Example: The Minister has declared that Stage 2 fuel restrictions are in force. The fuel restriction declaration included a $20 value limit on unleaded petrol sales. Sally may purchase $20 worth of unleaded petrol for her personal vehicle on her way to work. Sally can also purchase $20 of unleaded petrol for her second vehicle in the same day. Sally may purchase a further $20 per vehicle the next day.
Can I purchase the maximum amount of petrol from multiple service stations on the same day?
Dollar value limits on the sale and purchase of a declared fuel apply to each vehicle per day regardless of which fuel station the declared fuel is purchased from. Fuel consumers must not purchase the maximum amount of declared fuel from multiple fuel sale sites on the same day, or they will be in breach of a fuel restriction which is an offence under the Fuels Rationing Act 2019.
Example: The Minister has declared that Stage 2 fuel restrictions are in force. The declaration included a $30.00 limit on diesel sales per vehicle per day. If Sam purchases $30.00 of diesel for his personal car at one service station, he cannot purchase any more diesel for that car again on that day.
The next day Sam purchases $15 of diesel for his personal car in the morning. Sam is then allowed to purchase up to $15.00 more diesel for his personal car later that day. Sam may not save the remaining allocation of diesel and buy $45 worth of diesel tomorrow.
What happens if I don't comply with fuel restrictions?
If you don't comply with fuel restrictions you may be fined. The Fuels Rationing Act 2019 includes strict liability offences to ensure fuel restrictions are observed. Strict liability offences mean that there is no requirement for a prosecution to establish a fault element, such as intention, knowledge, recklessness or negligence. This is similar to driving offences such as speeding.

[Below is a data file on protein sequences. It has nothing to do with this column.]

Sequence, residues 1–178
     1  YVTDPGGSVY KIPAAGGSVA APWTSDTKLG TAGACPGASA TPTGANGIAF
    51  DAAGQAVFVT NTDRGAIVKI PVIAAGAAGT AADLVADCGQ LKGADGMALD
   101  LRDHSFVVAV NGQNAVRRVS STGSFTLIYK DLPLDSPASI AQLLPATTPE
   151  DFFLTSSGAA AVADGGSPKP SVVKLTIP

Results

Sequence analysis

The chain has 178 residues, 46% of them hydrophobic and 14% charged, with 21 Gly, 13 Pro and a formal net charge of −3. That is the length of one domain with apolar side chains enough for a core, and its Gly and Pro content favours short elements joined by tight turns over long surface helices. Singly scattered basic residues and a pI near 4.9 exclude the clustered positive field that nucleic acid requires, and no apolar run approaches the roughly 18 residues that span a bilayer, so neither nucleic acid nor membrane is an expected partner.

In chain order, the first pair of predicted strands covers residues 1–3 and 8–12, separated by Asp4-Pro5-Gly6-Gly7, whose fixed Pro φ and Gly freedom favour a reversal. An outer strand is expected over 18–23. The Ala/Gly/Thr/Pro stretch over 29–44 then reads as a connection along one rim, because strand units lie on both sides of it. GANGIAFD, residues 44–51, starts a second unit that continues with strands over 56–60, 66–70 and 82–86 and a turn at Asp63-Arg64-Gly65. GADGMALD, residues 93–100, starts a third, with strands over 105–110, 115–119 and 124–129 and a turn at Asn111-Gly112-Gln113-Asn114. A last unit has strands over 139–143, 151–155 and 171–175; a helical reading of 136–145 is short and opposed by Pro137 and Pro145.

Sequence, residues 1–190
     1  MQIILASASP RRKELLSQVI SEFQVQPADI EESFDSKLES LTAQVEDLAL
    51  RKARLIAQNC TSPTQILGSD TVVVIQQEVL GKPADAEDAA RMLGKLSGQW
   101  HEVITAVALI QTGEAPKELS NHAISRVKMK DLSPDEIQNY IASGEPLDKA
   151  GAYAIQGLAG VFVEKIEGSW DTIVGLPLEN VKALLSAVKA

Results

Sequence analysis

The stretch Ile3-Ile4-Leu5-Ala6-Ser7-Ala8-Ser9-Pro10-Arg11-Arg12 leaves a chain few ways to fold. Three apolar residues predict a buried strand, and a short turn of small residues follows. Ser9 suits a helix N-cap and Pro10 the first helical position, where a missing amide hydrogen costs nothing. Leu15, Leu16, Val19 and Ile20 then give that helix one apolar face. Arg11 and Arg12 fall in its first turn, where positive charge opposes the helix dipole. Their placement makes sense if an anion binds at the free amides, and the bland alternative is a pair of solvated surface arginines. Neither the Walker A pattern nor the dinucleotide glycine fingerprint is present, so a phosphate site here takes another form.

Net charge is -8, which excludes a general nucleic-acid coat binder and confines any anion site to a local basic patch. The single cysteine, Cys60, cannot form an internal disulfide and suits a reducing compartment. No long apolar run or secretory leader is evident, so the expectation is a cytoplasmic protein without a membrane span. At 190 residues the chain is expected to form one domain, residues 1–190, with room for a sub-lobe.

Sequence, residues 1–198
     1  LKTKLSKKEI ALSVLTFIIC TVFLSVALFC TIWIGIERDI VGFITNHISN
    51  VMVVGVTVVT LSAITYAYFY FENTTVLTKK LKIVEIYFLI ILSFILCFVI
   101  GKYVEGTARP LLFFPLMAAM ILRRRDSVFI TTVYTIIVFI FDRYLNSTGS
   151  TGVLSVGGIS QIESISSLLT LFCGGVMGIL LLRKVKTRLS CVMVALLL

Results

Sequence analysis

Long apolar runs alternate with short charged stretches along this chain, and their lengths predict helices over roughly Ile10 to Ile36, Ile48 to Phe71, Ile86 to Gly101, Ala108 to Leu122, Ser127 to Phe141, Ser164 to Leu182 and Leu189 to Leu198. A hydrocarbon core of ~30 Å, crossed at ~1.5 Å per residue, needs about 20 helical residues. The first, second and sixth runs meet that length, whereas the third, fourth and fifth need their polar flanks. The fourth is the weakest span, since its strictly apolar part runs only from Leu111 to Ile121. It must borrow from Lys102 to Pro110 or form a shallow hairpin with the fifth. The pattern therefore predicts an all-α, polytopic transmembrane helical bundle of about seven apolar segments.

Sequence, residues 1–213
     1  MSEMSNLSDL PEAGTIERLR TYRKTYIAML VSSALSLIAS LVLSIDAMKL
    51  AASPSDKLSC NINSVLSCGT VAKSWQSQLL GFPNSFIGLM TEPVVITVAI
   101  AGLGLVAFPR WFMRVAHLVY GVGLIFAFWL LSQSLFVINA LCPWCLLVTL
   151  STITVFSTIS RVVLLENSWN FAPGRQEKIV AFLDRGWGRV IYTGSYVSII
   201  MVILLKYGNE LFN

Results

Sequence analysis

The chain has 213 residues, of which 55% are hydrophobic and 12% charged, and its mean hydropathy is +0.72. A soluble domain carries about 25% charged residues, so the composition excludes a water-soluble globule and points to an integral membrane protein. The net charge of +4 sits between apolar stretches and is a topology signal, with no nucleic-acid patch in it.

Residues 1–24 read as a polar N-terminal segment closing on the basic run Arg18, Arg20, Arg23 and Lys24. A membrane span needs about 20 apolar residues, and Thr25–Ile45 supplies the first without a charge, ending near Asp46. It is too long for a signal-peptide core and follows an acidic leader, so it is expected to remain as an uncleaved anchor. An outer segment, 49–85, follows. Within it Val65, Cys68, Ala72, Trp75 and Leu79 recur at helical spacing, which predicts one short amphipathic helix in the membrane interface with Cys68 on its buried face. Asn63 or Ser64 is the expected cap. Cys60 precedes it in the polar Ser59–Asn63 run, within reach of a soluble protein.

The Fuels Rationing Act 2019 refers to inspectors, who are they, and what powers do they have?
Under the Fuels Rationing Act 2019 an inspector is a police officer or a Government official who has been appointed as an inspector by the Director-General of the Environment, Planning and Sustainable Development Directorate. The Director-General must give each inspector an identity card that states the person’s name and appointment as an inspector, and shows:
- a recent photograph of the person and
- the date of issue of the card and
- the date of expiry of the card.
Inspectors will have the power to monitor fuel supplies and investigate breaches or potential breaches of the Fuels Rationing Act 2019 within the powers specified in the Act.
If an inspector exercises a power under the Fuels Rationing Act 2019, the inspector must first show their inspector's identity card.
What are eco-driving measures?
Eco-driving is easy to incorporate into the way you drive and can save you fuel costs. Driving more slowly and checking your tyre pressure is the easiest way to cut your petrol bill.
Eco driving measures include:
- Reduce driving speed. A car traveling at 100 kilometres per hour (kph) can use 10% more fuel for the same distance than one cruising at 90kph. As a general rule, lower speed and more gradual acceleration will consume less fuel.
- Check and maintain the correct tyre pressure. This may improve your fuel consumption by up to 2%. It's safer, too.
- Don’t carry unnecessary weight. Remove unnecessary items such as sports equipment from your vehicle. The less it weighs, the less fuel your vehicle will use. The fuel consumption of a mid-size car increases by about 1% for every 25 kilograms of weight it carries.